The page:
But I think what helped me really think about the stories that ended up in the collection was through conversations with my editor at Kaya Press, Sunyoung Lee. She wasn’t giving me any concrete feedback on the manuscript for a really long time, and instead, she was asking me to send her work that wasn’t in the collection, or even unfinished work, and not because she wanted to see what else was there that could be swapped out, necessarily, but so that she could try to understand what drove me to write, what were some of the currents throughout my work as a writer. So that was when I really started to understand my own writing more, to be honest. I mean, I think most fiction writers don’t think, “Hmm what are my obsessions?” You basically just channel those obsessions through what you need to write. Some people are very, very cognizant that they keep writing the same story, because they have the same obsessions and they’re just different versions of the same story. Some writers have built entire careers out of that.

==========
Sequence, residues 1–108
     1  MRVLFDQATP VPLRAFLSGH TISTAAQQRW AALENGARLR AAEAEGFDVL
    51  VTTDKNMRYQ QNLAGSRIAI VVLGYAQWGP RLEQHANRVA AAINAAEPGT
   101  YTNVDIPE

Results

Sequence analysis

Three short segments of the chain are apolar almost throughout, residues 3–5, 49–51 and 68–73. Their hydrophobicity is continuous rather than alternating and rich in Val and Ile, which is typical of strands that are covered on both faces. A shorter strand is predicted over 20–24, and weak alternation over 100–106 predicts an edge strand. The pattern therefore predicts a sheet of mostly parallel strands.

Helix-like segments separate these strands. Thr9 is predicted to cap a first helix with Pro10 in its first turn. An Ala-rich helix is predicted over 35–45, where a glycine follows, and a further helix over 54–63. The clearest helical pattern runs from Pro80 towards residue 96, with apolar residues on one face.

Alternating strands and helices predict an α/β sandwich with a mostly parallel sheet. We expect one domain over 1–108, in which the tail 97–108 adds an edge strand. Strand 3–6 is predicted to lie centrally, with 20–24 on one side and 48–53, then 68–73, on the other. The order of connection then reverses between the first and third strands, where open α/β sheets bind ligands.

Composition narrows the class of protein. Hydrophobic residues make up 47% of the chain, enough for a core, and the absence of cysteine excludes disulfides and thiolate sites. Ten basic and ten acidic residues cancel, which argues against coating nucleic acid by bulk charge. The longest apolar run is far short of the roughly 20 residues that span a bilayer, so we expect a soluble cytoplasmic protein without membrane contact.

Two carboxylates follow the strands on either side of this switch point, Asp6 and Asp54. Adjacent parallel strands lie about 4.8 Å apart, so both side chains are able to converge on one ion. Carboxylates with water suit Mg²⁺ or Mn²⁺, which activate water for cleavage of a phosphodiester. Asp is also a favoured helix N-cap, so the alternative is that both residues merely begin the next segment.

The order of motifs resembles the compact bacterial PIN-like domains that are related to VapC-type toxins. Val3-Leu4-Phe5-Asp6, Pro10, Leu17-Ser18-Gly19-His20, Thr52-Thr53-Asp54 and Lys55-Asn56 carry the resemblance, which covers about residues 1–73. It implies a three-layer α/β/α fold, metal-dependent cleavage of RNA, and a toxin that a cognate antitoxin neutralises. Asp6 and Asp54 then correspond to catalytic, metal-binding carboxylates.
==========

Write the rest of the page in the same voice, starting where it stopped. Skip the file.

But I don’t think that’s what I was doing. My obsessions actually emerged as I was forced to talk about the collection. Other people have asked me that same question that you’ve just asked me in terms of what connects the stories together, and I’ve said, “I don’t know, they’re all Chinese?” and then there’s the question, “Well, why did you make them all Chinese?” and my thought was “Well, Jhumpa Lahiri makes all of her characters Indian by default in the Interpreter of Maladies,” and I love that. There’s no discussion, it’s just the default. And not every single story is about people talking about their heritage or identity. Some of it is just woven into the fabric, and sometimes it’s more explicit. And it made me realize that the only story that we have to tell, our obsession, is woven into the fabric of all our other stories. You write about what you feel compelled to write about. But even now that I can articulate what I’m writing about with a slightly more eloquent lens, it doesn’t change the way I write. It’s still a mess. It’s still messy and mysterious.